I have a new book out: Organizational Imaginaries: Tempering Capitalism and Tending to Communities through Cooperatives and Collectivist Democracy. It’s a peer-reviewed collection of cutting-edge scholarship on worker cooperatives and other decentralized and collectively owned enterprises. I edited the volume with Katherine K. Chen of the City College of New York and Graduate Center, CUNY, and the two of us also wrote a related op-ed for Fortune magazine, “Cooperatives can make economies more resilient to crises like COVID-19,” which is excerpted below:
With customers staying at home during the pandemic, large numbers of businesses have shuttered permanently, unable to cover their payroll and rent. Emergency governmental assistance has sustained some businesses during this period of economic uncertainty, but the crisis has also stoked interest in a private sector remedy: cooperatives.
In Baltimore, a pizzeria that shut when the pandemic hit reopened as a worker cooperative, its ownership shared equally among its 14 original employees. In Albuquerque, N.M., small farms pivoted from supporting restaurants and farmers markets, pooling their produce to sell directly to households. In New York, Mayor Bill de Blasio launched a program to help struggling businesses reopen as employee-owned businesses.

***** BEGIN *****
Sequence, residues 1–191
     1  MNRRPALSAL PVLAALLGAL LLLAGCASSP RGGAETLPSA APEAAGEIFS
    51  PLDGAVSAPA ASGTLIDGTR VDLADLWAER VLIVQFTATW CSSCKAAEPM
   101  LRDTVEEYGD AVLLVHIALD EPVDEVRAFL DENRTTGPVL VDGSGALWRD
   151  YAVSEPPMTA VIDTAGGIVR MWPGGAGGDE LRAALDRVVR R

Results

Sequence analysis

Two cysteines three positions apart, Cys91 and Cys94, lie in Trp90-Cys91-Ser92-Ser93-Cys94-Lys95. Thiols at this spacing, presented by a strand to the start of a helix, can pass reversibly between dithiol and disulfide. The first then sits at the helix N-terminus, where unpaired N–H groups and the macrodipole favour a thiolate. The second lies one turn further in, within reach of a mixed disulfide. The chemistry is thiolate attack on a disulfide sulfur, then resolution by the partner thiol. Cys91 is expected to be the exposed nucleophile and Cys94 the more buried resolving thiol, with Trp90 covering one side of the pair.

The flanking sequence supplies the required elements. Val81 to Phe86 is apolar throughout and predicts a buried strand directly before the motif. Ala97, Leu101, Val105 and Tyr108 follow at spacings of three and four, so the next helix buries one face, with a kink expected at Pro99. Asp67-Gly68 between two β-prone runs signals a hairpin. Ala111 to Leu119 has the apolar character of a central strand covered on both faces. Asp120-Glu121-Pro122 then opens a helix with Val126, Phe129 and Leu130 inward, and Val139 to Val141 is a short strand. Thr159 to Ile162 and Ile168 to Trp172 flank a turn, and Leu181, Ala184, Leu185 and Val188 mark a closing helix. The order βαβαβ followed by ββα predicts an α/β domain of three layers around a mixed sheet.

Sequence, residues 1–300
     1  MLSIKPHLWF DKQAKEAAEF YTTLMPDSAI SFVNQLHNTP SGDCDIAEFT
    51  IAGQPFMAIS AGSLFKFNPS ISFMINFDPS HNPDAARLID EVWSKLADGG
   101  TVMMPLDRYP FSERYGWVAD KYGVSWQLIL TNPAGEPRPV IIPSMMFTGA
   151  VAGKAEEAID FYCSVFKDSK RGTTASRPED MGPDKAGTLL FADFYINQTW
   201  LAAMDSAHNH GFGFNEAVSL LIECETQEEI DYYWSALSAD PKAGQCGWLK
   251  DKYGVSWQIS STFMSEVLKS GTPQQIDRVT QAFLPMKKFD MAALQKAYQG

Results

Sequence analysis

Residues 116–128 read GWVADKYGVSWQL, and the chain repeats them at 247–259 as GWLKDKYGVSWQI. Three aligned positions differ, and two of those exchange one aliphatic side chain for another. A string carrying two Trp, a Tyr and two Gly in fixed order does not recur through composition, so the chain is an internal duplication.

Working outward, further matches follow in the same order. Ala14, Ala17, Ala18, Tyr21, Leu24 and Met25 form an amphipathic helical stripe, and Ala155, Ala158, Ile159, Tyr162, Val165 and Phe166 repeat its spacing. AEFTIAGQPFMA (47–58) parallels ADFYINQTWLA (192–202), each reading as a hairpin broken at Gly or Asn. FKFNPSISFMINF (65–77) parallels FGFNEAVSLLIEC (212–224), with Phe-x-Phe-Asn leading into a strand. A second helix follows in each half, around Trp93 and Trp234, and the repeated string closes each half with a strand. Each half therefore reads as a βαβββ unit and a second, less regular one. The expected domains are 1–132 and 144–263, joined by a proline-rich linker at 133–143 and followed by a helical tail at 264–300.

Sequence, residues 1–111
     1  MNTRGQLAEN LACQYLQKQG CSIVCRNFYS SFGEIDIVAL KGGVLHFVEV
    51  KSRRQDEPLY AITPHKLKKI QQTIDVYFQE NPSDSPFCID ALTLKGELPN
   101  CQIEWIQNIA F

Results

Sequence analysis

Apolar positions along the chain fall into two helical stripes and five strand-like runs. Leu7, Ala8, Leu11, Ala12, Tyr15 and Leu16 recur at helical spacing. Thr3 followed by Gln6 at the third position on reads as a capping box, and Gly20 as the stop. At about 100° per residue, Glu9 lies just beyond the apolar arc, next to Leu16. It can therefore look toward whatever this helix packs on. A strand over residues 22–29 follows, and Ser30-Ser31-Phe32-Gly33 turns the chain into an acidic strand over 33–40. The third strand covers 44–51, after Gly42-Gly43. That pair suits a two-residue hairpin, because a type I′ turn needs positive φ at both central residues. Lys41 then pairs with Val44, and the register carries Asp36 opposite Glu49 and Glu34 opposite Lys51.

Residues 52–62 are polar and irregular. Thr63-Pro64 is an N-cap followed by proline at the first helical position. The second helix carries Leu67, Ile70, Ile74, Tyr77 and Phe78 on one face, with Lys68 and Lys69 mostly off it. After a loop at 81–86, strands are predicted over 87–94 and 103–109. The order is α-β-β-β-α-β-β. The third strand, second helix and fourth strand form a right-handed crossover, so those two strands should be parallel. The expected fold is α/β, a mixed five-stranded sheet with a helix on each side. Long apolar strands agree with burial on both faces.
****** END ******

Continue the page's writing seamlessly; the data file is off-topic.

As Congress deliberates how to safeguard the country from future crises, policymakers should consider recent research that shows how so-called alternative enterprises can make local economies more resilient. Sociologist Marc Schneiberg finds that counties with more cooperatives, credit unions, community banks, nonprofit organizations, and universities experienced fewer job losses during the Great Recession and greater job growth in its aftermath. This path-breaking finding suggests that such organizations are better able than their shareholder-owned counterparts to retain workforces when the economy falters—and more willing to invest in their communities when markets pick up again.